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But what is the real worth and value of this apology for the neglect of so sacred and useful an ordinance ? It comes, when you consider it, to neither more nor less than this : that they cannot or will not govern their own thoughts, and turn them more earnestly than usual towards eternal things, in order that they may be the readier to keep Good Friday and Easter as they ought to be kept. For the reason why fasting and abstinence is good at this season, is no merit or goodness in the fasting and abstinence themselves, but because they are useful helps to us in diverting our thoughts from vain cares and pleasures, and fixing them on eternal things. That is what the Church wants; that is the use of Lent, for which we shall be called to account at the last day: and if we be too sick or too poor to change our usual diet and mode of living, still we are not the less bound, at this holy season, to do that for the sake of which others are called to mortify their bodies. The poorest man is just as much bounden as the richest, to use Lent for his help, in repenting truly of his former sins. He may turn his thoughts that way more earnestly than he has been used to do; may spend a little more time in his prayers, and strive more incessantly to keep up his attention while he is praying. Surely no one can imagine that such discipline and self-denial as this, carefully persisted in all through the forty days of Lent, would be of no use in making a man a truer penitent, and a worthier communicant at Easter.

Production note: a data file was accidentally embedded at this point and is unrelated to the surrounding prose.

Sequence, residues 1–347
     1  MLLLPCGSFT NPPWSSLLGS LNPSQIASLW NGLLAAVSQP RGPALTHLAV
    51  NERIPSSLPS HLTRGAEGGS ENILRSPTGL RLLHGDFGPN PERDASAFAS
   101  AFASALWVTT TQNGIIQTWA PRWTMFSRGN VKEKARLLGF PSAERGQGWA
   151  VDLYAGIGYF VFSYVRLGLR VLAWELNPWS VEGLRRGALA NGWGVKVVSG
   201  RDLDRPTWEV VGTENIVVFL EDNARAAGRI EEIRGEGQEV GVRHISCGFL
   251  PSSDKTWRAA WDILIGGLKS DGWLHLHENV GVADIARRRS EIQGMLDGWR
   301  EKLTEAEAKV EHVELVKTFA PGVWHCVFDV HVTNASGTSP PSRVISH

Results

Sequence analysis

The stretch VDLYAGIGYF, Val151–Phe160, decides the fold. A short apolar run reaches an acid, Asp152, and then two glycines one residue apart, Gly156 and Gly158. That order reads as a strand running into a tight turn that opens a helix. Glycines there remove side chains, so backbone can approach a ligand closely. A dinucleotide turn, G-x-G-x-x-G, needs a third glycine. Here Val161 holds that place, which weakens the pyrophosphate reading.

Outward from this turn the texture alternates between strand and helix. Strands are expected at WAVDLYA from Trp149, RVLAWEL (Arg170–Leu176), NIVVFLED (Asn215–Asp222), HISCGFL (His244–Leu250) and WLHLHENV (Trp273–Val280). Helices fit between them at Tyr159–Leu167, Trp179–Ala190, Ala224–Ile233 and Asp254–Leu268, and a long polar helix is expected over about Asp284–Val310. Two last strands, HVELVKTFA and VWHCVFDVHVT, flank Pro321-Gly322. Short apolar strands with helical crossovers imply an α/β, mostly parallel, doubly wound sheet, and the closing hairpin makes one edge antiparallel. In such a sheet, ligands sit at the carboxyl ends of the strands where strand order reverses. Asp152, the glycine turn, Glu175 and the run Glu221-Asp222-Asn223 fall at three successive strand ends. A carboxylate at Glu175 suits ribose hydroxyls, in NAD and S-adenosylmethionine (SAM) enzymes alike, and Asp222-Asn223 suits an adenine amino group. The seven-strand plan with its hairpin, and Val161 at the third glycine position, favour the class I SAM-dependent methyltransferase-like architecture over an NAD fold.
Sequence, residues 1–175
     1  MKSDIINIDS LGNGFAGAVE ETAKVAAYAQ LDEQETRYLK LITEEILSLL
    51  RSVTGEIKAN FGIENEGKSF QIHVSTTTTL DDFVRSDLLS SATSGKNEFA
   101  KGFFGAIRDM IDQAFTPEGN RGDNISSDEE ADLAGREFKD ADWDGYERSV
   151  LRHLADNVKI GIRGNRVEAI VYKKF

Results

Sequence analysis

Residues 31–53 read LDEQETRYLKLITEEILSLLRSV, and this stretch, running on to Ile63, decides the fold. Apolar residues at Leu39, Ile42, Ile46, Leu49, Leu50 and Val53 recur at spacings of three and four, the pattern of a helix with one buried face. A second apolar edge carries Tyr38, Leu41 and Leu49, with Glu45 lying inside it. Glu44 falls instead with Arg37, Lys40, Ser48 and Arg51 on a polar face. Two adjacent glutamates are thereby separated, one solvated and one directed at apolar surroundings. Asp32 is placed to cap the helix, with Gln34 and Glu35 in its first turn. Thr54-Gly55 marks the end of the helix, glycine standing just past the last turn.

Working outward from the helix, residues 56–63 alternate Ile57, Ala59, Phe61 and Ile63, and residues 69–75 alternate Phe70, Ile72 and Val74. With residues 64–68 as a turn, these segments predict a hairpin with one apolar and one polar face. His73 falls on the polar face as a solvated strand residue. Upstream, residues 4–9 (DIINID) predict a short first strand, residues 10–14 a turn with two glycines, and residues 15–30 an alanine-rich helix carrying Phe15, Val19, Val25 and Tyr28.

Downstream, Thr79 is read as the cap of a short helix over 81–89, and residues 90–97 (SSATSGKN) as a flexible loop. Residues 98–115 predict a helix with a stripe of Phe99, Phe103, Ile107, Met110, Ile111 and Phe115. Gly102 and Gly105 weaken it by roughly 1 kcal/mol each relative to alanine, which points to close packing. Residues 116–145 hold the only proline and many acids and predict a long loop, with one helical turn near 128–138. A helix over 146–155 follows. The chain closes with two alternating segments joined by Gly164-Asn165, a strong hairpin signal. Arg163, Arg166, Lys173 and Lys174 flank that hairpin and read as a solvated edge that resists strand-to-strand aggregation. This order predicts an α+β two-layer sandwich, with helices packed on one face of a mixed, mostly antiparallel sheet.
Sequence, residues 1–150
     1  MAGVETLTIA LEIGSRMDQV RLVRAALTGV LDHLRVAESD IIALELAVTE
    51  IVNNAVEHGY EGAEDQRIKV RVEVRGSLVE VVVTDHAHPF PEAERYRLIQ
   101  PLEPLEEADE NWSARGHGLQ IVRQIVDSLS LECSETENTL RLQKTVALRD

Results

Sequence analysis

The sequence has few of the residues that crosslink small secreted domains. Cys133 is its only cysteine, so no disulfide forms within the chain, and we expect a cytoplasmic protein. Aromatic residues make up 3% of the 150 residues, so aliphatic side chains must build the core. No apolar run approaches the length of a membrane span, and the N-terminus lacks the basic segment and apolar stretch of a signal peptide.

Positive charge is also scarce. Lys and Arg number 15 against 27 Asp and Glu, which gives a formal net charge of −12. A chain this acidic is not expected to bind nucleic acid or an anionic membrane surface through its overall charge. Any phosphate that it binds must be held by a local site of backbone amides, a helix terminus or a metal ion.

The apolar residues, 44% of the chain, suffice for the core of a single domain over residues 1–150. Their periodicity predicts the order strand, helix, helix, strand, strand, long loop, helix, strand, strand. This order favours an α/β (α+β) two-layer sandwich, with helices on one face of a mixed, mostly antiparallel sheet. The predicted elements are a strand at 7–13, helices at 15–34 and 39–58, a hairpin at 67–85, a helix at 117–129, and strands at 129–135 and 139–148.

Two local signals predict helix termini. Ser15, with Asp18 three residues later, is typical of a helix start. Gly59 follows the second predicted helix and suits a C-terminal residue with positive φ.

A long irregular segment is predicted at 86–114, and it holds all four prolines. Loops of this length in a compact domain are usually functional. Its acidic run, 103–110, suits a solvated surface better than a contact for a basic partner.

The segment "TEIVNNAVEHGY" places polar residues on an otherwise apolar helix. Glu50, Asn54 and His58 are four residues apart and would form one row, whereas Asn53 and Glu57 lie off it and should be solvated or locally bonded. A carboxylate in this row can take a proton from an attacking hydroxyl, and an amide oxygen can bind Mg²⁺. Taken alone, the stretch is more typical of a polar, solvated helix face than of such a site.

He who desires thus to improve himself, cannot begin better, than by deeply meditating on the weighty and overpowering call to repentance contained in the words of the text.